A Christian writer attacked Dolly Parton for being pro-LGBTQ+. It didn’t end well for the writer.

A Christian writer attacked Dolly Parton for being pro-LGBTQ+. It didn’t end well for the writer.

LGBTQ Entertainment News

Dolly Parton arriving to "Joyful Noise" Los Angeles Premeire on January 19, 2012 in Hollywood, CA

Dolly Parton arriving to “Joyful Noise” Los Angeles Premeire on January 19, 2012 in Hollywood, CA Photo: Shutterstock

Rightwing writer Ericka Andersen has apologized for criticizing Dolly Parton in an essay for the conservative online outlet The Federalist.

The piece, titled “There’s Nothing Loving About Dolly Parton’s False Gospel,” has had Parton fans in an uproar since it was published on June 6. In it, Andersen ripped into the “Jolene” singer for her longstanding support of the LGBTQ+ community, and particularly for citing her Christianity as its source.

“Parton’s version of love, which includes condoning immoral sexual behavior (‘be who you are,’ she’s said), is unaligned with God’s vision for humanity,” Andersen writes. “Like so many secularized spiritual leaders, Parton equates love with agreement, but the two are not reciprocal. Love doesn’t mean we must accept sinfulness as good to avoid hurting someone’s feelings.”

As recently as last November, Parton spoke about how her faith has influenced her support of the LGBTQ+ community and her awareness of how anti-LGBTQ+ rhetoric affects them.

“I try not to get into the politics of everything. I try to get into the human element of it. I have some of everybody in my own immediate family and in my circle of employees. I’ve got transgender people. I’ve got gays. I’ve got lesbians. I’ve got drunks. I’ve got drug addicts — all within my own family. I know and love them all, and I do not judge,” she told The Hollywood Reporter. “I know and love them all, and I do not judge. And I just see how broken-hearted they get over certain things and I know how real they are. I know how important this is to them. That’s who they are. They cannot help that any more than I can help being Dolly Parton, you know, the way people know me. If there’s something to be judged, that is God’s business. But we are all God’s children and how we are is who we are.”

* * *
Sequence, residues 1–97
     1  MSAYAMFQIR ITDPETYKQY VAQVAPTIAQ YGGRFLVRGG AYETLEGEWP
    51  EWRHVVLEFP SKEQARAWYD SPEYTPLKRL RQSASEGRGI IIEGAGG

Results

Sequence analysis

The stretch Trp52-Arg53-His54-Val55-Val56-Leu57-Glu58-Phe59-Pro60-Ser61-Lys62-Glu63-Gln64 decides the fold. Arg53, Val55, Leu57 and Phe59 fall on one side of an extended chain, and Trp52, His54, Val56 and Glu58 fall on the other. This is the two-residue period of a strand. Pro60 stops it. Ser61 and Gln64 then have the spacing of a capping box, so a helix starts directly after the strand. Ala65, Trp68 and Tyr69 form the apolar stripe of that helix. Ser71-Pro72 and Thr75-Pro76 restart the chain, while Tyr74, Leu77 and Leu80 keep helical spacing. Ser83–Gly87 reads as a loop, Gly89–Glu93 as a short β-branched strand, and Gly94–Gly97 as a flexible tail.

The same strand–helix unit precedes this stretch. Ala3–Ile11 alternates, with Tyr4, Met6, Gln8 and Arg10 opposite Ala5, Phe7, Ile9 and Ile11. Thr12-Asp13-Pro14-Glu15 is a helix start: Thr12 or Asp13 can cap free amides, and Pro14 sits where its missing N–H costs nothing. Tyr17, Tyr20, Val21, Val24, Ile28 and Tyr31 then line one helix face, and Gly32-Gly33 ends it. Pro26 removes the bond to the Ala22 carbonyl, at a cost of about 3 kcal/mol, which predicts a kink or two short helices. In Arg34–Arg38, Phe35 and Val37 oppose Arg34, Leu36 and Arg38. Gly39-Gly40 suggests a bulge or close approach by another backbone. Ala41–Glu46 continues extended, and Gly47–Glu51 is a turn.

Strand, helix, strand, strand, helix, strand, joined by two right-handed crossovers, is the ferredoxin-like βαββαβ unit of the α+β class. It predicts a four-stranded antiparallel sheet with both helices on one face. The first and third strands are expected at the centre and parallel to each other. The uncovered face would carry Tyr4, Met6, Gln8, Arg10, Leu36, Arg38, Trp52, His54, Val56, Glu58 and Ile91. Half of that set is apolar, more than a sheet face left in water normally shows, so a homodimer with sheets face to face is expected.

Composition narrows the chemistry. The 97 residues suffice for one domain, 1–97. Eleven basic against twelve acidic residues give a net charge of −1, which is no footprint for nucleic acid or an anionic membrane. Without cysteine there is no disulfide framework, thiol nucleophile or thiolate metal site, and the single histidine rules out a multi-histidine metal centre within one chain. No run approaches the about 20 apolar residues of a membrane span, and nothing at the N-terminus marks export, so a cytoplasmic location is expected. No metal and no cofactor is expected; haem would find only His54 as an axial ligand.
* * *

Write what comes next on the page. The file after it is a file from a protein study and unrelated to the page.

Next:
Given Parton’s large and devoted fanbase, Andersen was clearly playing with fire when she decided to call out the “9-to-5” singer. And Parton’s fans responded in kind.

“They came for Dolly,” one fan wrote on X. “We ride at dawn.”

“No. You do not come after Dolly Parton. You absolutely do not,” another X user wrote.

“I’m not 100-percent sure Dolly Parton isn’t Jesus Christ. Maybe she’s the second coming and quite frankly I WILL follow her off into glory,” another posted. “The Federalist can shut their drunk mouths. Dolly is a LEGEND.”

Amid the widespread backlash, Andersen apologized for attacking Parton over the weekend.

“I regret using Dolly as the example for the point I was making in the article,” she told Yahoo! Entertainment Saturday. “As I wrote in the piece, I love her and think she does some incredible things for the world. We all make poor choices in how to frame things sometimes. This was one of those moments for me! Dolly is one of the few people who is beloved by all and who loves all. The world is lucky to have her.”

Notably Andersen, who has written op-eds on Christian issues for the Wall Street Journal and the New York Times, had nothing to say about her own anti-LGBTQ+ views or her twisted take on Christ’s commandment to “Judge not lest ye be judged.”

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